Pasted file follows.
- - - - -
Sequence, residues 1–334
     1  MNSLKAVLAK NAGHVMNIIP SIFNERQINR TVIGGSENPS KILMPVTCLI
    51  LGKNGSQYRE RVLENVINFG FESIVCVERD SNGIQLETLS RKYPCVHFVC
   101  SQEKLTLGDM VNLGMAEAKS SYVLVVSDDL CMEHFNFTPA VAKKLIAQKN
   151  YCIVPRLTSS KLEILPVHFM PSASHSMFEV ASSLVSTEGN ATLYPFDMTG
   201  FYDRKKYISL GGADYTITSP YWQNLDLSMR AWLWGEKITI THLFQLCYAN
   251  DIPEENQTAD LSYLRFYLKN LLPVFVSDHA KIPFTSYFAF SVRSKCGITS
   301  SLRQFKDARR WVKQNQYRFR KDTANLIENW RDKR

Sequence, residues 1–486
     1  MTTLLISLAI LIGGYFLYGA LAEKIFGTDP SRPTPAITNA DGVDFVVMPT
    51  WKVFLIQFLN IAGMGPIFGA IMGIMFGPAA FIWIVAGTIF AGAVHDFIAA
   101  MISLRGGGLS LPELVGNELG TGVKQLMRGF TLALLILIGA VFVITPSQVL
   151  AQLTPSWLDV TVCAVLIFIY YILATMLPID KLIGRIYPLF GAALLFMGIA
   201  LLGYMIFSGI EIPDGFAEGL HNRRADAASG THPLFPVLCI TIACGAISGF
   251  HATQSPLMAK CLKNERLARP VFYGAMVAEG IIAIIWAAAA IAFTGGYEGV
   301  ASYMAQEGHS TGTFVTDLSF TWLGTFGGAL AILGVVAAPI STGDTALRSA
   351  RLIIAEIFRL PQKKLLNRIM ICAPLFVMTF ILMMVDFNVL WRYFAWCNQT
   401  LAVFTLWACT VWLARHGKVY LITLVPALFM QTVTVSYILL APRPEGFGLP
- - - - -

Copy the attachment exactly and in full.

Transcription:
Sequence, residues 1–334
     1  MNSLKAVLAK NAGHVMNIIP SIFNERQINR TVIGGSENPS KILMPVTCLI
    51  LGKNGSQYRE RVLENVINFG FESIVCVERD SNGIQLETLS RKYPCVHFVC
   101  SQEKLTLGDM VNLGMAEAKS SYVLVVSDDL CMEHFNFTPA VAKKLIAQKN
   151  YCIVPRLTSS KLEILPVHFM PSASHSMFEV ASSLVSTEGN ATLYPFDMTG
   201  FYDRKKYISL GGADYTITSP YWQNLDLSMR AWLWGEKITI THLFQLCYAN
   251  DIPEENQTAD LSYLRFYLKN LLPVFVSDHA KIPFTSYFAF SVRSKCGITS
   301  SLRQFKDARR WVKQNQYRFR KDTANLIENW RDKR

Sequence, residues 1–486
     1  MTTLLISLAI LIGGYFLYGA LAEKIFGTDP SRPTPAITNA DGVDFVVMPT
    51  WKVFLIQFLN IAGMGPIFGA IMGIMFGPAA FIWIVAGTIF AGAVHDFIAA
   101  MISLRGGGLS LPELVGNELG TGVKQLMRGF TLALLILIGA VFVITPSQVL
   151  AQLTPSWLDV TVCAVLIFIY YILATMLPID KLIGRIYPLF GAALLFMGIA
   201  LLGYMIFSGI EIPDGFAEGL HNRRADAASG THPLFPVLCI TIACGAISGF
   251  HATQSPLMAK CLKNERLARP VFYGAMVAEG IIAIIWAAAA IAFTGGYEGV
   301  ASYMAQEGHS TGTFVTDLSF TWLGTFGGAL AILGVVAAPI STGDTALRSA
   351  RLIIAEIFRL PQKKLLNRIM ICAPLFVMTF ILMMVDFNVL WRYFAWCNQT
   401  LAVFTLWACT VWLARHGKVY LITLVPALFM QTVTVSYILL APRPEGFGLP